Russian jailed for espionage

Russian jailed for espionage

A Russian space engineer received a 13-year jail sentence on Friday on charges of passing secret strategic missile data to the US Central Intelligence Agency in return for cash.

Russia’s FSB security service said test engineer Vladimir Nesterets from the country’s northern Plesetsk cosmodrome admitted receiving cash payments for information about “tests on Russia’s latest strategic missile systems.”

The security service refused to specify the types of systems involved in the case.
Analysts said the apparent security breach marks a significant blow for Russia because its military uses the northwestern site to test and launch every type of missile in production and development today.

“This is the Russian strategic missile forces’ main launch site,” independent military analyst Pavel Felgenhauer said. “All current current mobile systems and their warheads are launched from and tested at Plesetsk.”

Nesterets’ conviction came just days after Russian President Dmitry Medvedev told an FSB meeting that foreign governments were stepping up their spying activities in the country. Medvedev said the FSB had uncovered 199 foreign spies and agents last year. He added that some of those detained were Russian nationals working for Western states.

“The results of the FSB’s counter-intelligence work for last year clearly demonstrate that foreign secret services are stepping up their activities in Russia,” Medvedev said at the time.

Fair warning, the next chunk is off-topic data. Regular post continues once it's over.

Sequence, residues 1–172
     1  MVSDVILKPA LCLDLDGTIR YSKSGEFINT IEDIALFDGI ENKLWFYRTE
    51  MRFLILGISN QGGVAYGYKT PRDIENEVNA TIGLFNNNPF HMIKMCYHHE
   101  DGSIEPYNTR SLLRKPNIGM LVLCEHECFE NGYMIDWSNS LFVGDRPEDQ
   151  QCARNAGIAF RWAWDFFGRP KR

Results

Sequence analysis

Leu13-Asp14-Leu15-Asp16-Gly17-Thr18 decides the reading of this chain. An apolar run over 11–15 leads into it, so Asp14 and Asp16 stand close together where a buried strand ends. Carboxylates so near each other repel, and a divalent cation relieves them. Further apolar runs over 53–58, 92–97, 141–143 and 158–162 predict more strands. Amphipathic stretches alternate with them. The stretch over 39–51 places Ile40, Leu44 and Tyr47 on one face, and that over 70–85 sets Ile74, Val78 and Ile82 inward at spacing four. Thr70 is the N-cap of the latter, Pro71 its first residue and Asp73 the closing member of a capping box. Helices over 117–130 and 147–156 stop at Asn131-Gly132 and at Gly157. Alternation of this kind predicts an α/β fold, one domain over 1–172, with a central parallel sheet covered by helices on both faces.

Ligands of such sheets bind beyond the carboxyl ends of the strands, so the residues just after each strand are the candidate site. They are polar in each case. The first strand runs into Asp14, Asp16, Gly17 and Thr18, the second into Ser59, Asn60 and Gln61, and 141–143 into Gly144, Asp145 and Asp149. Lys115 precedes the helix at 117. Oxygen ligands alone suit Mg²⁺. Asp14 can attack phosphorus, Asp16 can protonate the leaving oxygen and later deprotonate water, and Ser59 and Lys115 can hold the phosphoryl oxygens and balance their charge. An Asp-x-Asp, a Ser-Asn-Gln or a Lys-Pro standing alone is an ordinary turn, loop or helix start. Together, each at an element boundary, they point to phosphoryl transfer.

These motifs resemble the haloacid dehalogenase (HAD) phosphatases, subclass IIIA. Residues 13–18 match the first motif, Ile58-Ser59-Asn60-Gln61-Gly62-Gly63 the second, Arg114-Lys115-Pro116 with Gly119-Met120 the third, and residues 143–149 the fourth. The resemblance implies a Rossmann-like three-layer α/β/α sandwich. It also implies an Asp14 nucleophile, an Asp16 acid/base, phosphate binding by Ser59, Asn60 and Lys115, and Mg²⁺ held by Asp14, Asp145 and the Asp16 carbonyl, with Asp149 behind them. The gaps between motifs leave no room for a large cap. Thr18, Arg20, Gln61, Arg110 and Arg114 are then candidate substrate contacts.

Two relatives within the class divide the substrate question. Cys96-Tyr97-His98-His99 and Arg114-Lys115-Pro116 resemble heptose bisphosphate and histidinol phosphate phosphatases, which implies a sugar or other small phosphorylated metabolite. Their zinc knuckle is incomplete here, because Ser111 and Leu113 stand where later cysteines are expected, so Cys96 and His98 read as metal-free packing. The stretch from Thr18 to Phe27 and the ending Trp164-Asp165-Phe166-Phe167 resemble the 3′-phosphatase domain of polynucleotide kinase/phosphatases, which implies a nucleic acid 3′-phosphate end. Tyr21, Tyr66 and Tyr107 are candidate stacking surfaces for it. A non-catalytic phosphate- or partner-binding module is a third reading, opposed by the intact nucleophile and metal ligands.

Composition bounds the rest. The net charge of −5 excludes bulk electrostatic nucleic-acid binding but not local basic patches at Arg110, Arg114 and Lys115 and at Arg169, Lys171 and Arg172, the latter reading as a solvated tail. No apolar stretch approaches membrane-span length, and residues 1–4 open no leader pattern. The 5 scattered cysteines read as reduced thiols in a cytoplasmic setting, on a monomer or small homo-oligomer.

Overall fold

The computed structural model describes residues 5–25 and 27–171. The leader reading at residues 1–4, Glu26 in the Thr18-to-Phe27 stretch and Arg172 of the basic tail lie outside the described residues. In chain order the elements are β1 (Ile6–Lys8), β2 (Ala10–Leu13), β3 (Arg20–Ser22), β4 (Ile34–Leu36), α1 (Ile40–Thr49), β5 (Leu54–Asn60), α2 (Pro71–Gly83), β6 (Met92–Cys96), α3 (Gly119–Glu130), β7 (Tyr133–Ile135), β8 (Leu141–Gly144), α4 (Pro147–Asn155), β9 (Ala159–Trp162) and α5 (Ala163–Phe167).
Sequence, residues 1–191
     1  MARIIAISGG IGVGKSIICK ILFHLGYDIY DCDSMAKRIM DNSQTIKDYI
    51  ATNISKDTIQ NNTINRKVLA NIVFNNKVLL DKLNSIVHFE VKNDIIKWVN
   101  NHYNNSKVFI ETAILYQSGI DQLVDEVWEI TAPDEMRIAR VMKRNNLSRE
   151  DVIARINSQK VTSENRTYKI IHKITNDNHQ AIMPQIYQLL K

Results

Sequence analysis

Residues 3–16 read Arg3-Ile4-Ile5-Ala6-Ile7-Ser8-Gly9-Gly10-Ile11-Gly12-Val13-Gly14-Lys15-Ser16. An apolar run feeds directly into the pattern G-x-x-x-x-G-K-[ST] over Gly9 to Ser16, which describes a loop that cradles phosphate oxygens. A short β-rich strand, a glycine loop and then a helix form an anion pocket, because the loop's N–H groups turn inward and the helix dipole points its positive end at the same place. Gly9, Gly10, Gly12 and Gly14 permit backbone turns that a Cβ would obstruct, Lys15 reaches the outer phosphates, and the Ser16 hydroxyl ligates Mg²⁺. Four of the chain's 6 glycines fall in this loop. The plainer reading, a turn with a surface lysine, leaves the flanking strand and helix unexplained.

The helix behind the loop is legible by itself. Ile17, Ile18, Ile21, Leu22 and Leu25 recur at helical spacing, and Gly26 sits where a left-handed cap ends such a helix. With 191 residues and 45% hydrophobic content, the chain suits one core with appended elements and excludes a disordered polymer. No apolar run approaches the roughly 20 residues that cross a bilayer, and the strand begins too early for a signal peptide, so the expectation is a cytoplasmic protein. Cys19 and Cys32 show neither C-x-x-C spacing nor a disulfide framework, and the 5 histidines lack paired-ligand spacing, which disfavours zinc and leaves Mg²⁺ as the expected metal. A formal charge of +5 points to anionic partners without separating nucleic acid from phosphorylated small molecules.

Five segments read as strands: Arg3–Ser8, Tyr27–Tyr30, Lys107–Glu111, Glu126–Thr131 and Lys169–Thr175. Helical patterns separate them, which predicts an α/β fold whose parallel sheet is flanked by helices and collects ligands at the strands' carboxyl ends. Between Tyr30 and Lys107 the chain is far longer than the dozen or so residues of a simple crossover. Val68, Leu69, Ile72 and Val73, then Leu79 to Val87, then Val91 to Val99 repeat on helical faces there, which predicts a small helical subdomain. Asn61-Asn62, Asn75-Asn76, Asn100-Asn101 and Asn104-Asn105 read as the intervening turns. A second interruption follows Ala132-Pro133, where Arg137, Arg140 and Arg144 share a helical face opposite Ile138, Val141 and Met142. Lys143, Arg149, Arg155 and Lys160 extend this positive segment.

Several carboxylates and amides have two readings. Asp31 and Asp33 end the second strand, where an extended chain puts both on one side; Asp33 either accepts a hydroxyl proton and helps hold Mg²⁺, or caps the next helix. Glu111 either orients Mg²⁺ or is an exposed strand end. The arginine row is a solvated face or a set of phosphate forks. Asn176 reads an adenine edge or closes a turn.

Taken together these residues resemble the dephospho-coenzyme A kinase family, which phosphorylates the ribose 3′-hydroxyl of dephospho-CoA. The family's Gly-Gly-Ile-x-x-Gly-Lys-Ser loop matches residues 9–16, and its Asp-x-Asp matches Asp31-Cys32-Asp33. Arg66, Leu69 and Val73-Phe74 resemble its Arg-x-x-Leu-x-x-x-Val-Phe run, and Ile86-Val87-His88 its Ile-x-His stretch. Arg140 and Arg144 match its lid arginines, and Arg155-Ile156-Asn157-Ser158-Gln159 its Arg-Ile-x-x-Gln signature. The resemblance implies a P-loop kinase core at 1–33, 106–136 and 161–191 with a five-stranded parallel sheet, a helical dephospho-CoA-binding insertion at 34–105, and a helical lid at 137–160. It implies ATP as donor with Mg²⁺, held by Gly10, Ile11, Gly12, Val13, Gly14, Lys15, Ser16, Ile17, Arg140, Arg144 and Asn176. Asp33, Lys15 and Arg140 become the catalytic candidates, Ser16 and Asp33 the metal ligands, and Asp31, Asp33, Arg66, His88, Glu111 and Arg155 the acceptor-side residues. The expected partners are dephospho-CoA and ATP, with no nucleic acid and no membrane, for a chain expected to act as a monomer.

Russia often discloses the arrest or conviction of foreign agents at a time of diplomatic tensions with the West.

Moscow is currently locked in a heated war of words with Washington and Europe over the Syria crisis and is also upset with Nato plans to push ahead with the deployment of a new missile defence system in Europe.

The FSB in October disclosed holding a Chinese national on espionage charges linked to another missile system. The case was announced on the eve of a key visit to Beijing by Prime Minister Vladimir Putin. “These cases are not publicised when relations with the West are normal. The arrests are still made but no information goes out,” Felgenhauer said.

“The fact that they disclosed this now means that we are playing diplomatic games again,” added Centre for Strategic Assessment analyst Alexander Konovalov.